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The Daily Wildcat

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The Daily Wildcat

The Daily Wildcat

 

    Pulse of the Pac

    FCC guidelines limit TV shows’ authenticity”
    by Lorraine Longhi

    When the Federal Communications Commission was created in 1934, it implemented regulations that dictate what kind of material is cut out of radio and TV broadcasts today. Viewers are well acquainted with these restrictions. Whole words are faded out of our favorite songs, and certain cable television shows will never stretch beyond the occasional “damn” and “hell.”

    However, in a changing landscape of language and everyday vernacular, the lines of what is or is not offensive to the general public are becoming blurred. Censorship is appropriate in some settings, but I have to wonder what demographic we’re pandering to when a show that depicts as brutal and grueling a world as “Sons of Anarchy” isn’t allowed to utilize the language that the characters would undoubtedly unleash in real life.

    The State Press
    Arizona State University

    Full article here.

    “The Elephant in the Room: the question of political discrimination at CU”
    by Lauren Thurman

    Next week, the CU Board of Regents will hear a proposal aiming to include political affiliation in the university’s nondiscrimination policy. Several members of the Board have expressed concern that there is a “pervasive liberal bias” on the Boulder campus.

    Wait, what? There are liberals in Boulder?

    Traditionally, nondiscrimination policies are set up to benefit oppressed or underrepresented persons, such as people with disabilities, members of the LGBT community or any number of individuals who still somehow don’t have the full run of our Constitution.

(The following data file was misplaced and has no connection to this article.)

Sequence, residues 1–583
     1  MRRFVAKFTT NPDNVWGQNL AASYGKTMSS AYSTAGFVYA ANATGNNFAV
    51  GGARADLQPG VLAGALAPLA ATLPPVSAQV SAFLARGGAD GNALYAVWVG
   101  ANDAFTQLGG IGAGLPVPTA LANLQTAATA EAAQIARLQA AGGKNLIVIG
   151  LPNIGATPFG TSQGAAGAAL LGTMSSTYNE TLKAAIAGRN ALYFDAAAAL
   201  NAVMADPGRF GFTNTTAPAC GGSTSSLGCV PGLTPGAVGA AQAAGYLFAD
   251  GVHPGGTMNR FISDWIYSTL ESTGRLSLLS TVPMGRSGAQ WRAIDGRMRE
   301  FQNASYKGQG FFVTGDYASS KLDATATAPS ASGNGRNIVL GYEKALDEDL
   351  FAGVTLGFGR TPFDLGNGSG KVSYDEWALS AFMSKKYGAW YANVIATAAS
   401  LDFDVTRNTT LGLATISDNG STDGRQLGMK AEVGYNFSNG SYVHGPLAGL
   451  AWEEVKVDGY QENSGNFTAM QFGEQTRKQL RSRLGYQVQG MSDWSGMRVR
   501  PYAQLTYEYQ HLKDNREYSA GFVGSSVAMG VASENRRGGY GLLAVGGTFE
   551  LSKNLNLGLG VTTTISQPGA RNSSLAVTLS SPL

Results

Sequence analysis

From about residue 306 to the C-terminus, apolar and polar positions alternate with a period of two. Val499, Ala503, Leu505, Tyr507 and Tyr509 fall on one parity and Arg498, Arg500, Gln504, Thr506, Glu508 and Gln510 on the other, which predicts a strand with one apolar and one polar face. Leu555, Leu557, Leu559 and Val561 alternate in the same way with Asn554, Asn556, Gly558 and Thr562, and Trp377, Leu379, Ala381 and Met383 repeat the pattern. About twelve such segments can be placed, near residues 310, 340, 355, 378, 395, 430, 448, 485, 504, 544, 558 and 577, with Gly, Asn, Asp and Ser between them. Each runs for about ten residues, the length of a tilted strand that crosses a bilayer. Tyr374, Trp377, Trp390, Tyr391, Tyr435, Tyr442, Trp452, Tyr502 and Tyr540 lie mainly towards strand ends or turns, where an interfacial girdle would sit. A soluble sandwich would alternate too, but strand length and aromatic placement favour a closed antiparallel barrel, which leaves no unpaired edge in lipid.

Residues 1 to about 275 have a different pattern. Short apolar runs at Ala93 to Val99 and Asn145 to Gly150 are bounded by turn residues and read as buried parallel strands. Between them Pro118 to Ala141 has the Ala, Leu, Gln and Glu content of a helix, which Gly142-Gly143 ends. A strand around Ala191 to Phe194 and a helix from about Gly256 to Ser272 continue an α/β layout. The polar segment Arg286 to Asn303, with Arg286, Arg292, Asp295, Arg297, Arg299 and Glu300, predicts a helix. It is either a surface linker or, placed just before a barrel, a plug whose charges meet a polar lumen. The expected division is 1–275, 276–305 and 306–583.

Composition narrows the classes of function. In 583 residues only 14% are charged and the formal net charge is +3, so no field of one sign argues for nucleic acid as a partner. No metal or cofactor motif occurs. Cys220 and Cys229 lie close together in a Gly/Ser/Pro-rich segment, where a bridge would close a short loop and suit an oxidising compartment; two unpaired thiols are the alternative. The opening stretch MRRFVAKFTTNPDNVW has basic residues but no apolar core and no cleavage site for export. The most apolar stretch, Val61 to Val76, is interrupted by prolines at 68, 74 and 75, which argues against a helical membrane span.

To assert that conservatives at CU are systematically oppressed might be a little far-fetched. And to assume that a policy change will improve the existing judgment and animosity is, at best, optimistic.

    CU Independent
    University of Colorado, Boulder

    Full article here.

    “Off the beat: Harassment on the street hurts”
    by Livia Maas

    Picture this: You’re walking to campus, and a group of men spot you from across the street. One of them starts to holler at you, and the rest join in. They call you a “slut” and make vulgar remarks about your body. And you just walk away in silent anger, their voices reverberating inside of you.

    This is the unsettling reality of street harassment. According to an Oxygen/Markle Pulse nationwide poll in 2000, 87 percent of American women between the ages of 18 and 64 have been targeted by male street-harassers.

    Like rape, however, street harassment (like harassment of any kind) does not suggest desirability. It normalizes the sexual objectification of women and contributes to violence against them. In light of the state’s audit of UC Berkeley’s sexual assault policies, it is crucial for us to combat street harassment as well.

    The Daily Californian
    University of California, Berkeley

    Full article here.

    “Budget fights derail Congress’ agenda”
    by Nathaniel Haas

    The last time both houses of the United States Congress agreed on a budget was April 29, 2009, when the Senate voted on party lines to give final approval to the budget for the 2010 fiscal year. In the interim, lawmakers have abandoned the domestic agenda to haggle about the best way to keep the government’s lights on.

    Not only is this an embarrassing reflection on our country to the rest of the world, but the divided nature of our House also means that budget woes are resolved at the expense of domestic policy goals such as immigration reform.

    The dangerous fiscal path we have been on for the last four years sends the perception to the world that Congress is lazy and divided. Returning to the process of passing an annual budget will ensure Congress does not get caught with its pants down in the midst of an international crisis.

    Daily Trojan
    University of Southern California

    Full article here.

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